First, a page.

You want to be there, but you’re not sure what to or say. Here, patients share what meant the most to them.
Treatment for breast cancer will never be “easy,” but having the right support system can completely change the experience. So what is the “right” support? What should you say to someone going through this? What can you do that will actually help?
Every patient has different needs, so there’s no one right way to support someone going through chemo. Here’s what six women HealthiNation interviewed recalled wanting the most during their breast cancer treatment.
Make a specific offer
“I think the most helpful thing for family and friends to do in terms of supporting someone going through breast cancer is to just offer to do something rather than saying ‘What can I do to help you?’”
—Jamie, diagnosed at 45
Remember: The little things count
“Just remember the little things: drop off food, pick up the kids, drop them off.”
—Christine, diagnosed at 42
Do the normal things, without pity
“I would bring cakes. I would bring snacks. Bring a movie and popcorn. Say, ‘How about hanging out?’ And you know what? A lot of times, if you’re with someone that has cancer and is getting chemo, they’ll fall asleep. You eat all the popcorn and let ’em think they enjoyed it, too. Just do the normal things. Just do it with a smile and no pity.”
—Doris, diagnosed at 37, 47, 54
Recognize when they don’t want help
“The thing I needed most from my friends and family is for them to not jump to help me and let me help myself first or ask for help. I just don’t wanna be treated any differently.”
—Alyssa, diagnosed at 23
Absolutely offer to run errands
“You can do a lot of errands for me because I feel like crap, I’m tired—that’s a great one. Offer that.”
—Leslie, diagnosed at 44
Take their mind off treatment
“Let’s not talk about the specifics of my disease and my treatment. Let’s talk about the weather, let’s talk about the movies, let’s talk about your boyfriend, let’s talk about what we’re going to do next week.”
—Lisa, diagnosed at 46
A very special thanks to Susan G. Komen Greater New York City.
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I think the most helpful thing for
family and friends to do,
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in terms of supporting someone
going through breast cancer,
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is to just offer to do something rather
than saying, what can I do to help you?
00:20.220 --> 00:24.626
00:24.626 --> 00:26.640
Just remember the little things.
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Drop off food, pick up the kids,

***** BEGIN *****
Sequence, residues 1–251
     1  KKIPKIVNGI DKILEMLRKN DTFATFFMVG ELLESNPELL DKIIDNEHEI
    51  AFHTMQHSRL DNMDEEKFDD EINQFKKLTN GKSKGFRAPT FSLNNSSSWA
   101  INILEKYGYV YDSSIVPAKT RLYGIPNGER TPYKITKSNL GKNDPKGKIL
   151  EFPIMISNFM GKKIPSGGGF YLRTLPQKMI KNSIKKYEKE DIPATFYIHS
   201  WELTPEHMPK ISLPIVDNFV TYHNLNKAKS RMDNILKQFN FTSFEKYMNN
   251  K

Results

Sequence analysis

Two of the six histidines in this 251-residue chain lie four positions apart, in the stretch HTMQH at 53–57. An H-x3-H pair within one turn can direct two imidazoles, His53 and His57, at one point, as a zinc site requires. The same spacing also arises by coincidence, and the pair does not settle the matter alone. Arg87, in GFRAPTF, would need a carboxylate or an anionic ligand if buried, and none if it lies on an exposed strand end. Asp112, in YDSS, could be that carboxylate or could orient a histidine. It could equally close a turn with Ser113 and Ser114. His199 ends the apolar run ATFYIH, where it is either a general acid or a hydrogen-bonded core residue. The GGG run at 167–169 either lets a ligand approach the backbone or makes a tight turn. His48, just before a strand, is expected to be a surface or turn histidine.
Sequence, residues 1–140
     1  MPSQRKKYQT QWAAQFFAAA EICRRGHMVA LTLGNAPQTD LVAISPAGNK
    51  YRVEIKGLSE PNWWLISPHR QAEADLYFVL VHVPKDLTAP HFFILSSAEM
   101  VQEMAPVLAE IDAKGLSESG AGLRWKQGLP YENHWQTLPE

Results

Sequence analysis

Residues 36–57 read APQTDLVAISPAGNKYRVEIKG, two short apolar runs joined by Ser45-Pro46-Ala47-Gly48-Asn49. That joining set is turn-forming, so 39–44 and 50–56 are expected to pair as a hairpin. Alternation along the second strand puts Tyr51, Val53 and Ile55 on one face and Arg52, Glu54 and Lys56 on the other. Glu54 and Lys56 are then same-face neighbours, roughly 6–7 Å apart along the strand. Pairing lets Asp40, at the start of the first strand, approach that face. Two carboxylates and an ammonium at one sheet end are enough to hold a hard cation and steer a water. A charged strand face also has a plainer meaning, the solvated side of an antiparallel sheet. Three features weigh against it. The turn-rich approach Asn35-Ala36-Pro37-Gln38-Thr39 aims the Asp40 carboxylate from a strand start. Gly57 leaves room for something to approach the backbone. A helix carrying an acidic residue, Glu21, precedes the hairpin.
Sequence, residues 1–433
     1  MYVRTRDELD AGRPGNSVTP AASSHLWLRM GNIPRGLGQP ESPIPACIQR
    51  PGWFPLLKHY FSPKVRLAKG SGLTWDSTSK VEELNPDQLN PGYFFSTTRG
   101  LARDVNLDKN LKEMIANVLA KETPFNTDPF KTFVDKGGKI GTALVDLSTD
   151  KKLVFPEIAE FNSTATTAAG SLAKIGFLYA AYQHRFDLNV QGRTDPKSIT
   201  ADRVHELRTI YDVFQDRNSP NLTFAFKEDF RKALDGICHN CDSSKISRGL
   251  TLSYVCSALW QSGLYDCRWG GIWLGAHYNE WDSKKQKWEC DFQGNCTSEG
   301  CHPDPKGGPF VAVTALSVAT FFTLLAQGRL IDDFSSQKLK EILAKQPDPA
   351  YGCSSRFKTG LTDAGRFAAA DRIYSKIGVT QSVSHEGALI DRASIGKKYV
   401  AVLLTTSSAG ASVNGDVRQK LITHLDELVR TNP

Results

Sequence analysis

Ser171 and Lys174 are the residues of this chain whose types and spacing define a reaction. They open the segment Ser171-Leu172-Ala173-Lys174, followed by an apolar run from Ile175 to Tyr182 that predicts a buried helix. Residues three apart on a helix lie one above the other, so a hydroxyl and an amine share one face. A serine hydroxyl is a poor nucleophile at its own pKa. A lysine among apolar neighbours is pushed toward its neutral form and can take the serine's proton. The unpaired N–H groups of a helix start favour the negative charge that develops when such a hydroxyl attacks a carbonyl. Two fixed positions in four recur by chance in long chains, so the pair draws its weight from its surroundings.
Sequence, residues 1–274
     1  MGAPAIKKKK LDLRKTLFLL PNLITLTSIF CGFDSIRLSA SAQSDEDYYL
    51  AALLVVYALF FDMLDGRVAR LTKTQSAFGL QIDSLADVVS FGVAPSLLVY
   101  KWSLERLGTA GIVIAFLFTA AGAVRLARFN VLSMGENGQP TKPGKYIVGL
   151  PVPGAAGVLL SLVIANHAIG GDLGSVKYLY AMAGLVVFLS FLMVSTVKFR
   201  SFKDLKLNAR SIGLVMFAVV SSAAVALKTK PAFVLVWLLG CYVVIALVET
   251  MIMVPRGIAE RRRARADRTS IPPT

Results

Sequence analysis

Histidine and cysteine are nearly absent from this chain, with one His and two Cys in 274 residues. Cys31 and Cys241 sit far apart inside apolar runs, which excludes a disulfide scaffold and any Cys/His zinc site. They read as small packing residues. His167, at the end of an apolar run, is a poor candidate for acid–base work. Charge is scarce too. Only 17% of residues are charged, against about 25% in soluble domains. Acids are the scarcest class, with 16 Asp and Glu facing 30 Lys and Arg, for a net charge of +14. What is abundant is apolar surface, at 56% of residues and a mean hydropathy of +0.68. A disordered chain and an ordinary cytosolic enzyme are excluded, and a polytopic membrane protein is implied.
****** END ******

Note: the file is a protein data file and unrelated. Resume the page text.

drop them off.
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I would bring cakes,
I would bring snacks, bring a movie and
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popcorn, say, how about hanging out?
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And you know what?
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A lot of times,
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if you're with someone that has cancer and
is getting chemo, they'll fall asleep.
00:44.050 --> 00:46.630
You eat all the popcorn and
let them think they enjoyed it too.
00:47.690 --> 00:49.750
Just do the normal things.
00:49.750 --> 00:51.450
Just do it with a smile and no pity.
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The thing I needed most from
my friends and family is for
00:56.140 --> 01:01.200
them to not jump to help me and
let me help myself first or ask for help.
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Yes, absolutely yes.
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You can do a lot of errands for
me cuz I feel like crap, I'm tired.
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And that's a great one, offer that.
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Lets not talk about the specifics
of my disease and my treatment.
01:15.380 --> 01:17.880
Lets talk about the weather,
lets talk about the movies,
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lets talk about your boyfriend, lets talk
about what we're gonna do this weekend.
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I just don't want to be
treated any differently.
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How to be a friend to someone with cancer. Atlanta, GA: American Cancer Society, 2016. (Accessed on September 29, 2017 at https://www.cancer.org/treatment/understanding-your-diagnosis/talking-about-cancer/how-to-be-a-friend-to-someone-with-cancer.html.)